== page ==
Amniotic membrance transplantation
What does it involve?
Amniotic membrane transplantation consists of applying a piece of amniotic membrane to the surface of the eye. This piece is usually attached to the tissue by means of fine sutures. There are two different methods of application, depending on the type of injury: dressing or graft.
If there is only one defect in the epithelium (the outermost layer of the cornea or conjunctiva), but the stroma (the layer underneath) is healthy, the amniotic membrane is used as a dressing that covers the entire surface. The growth factors that the membrane contains cause the epithelial cells to begin to grow underneath it. After a few days, the membrane can be easily removed in the doctor’s surgery, leaving no traces.
The amniotic membrane triggers a rapid wound healing process that can last between 2 and 15 days, depending on the eye condition that is being treated.
In cases of deeper injury involving loss of the stroma, the membrane is grafted, filling the gap left by the missing stroma. With this method, the cells do not grow underneath, as is the case when the dressing is placed on the epithelium, but do so on top, until the membrane, which gradually becomes absorbed, is replaced. Grafting involves a slower healing process with the membrane taking several months to be absorbed. During this time, the amniotic membrane can make the eye opaque, which temporarily limits vision.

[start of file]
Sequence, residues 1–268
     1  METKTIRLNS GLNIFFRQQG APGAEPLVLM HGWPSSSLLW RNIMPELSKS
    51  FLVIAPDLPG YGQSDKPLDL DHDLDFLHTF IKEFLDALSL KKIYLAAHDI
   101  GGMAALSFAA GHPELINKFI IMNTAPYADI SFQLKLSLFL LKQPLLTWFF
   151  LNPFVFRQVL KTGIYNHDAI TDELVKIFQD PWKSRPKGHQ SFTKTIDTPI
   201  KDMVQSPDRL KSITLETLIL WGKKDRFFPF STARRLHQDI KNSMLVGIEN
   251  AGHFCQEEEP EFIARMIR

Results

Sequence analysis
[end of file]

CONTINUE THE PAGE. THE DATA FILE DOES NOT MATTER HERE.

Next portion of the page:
When is it carried out?
Amniotic membrane transplantation is particularly indicated for acute-phase burns caused by caustic substances, such as bleach and lime, in which tissue is devitalised, inflamed or is encountering regeneration problems.
It is also often used after extensive conjunctival resection (generally the removal of tumours or scarring), as well as for ulcers and corneal and conjunctival epithelial defects.
It can also be used to increase the chances of success in some corneal surgery, such as corneal transplantation, and in cases where postoperative problems of tissue regeneration or scarring are anticipated.
A comprehensive eye examination.
Before the surgery
The preservation of tissue should always be carried out in an approved tissue bank and basically consists of washing the placenta in an antibiotic solution. In addition to providing written permission, the donor mother must also undergo serological tests to ensure that she is not suffering from any transmissible infectious diseases. These tests are performed by an officially approved tissue bank.
This treatment can also be used to increase the chances of success in some corneal surgery, such as corneal transplantation, and in cases where postoperative problems of tissue regeneration or scarring are anticipated.
This procedure can lead to the onset of inflammatory and rejection processes.
- Corneal ulcer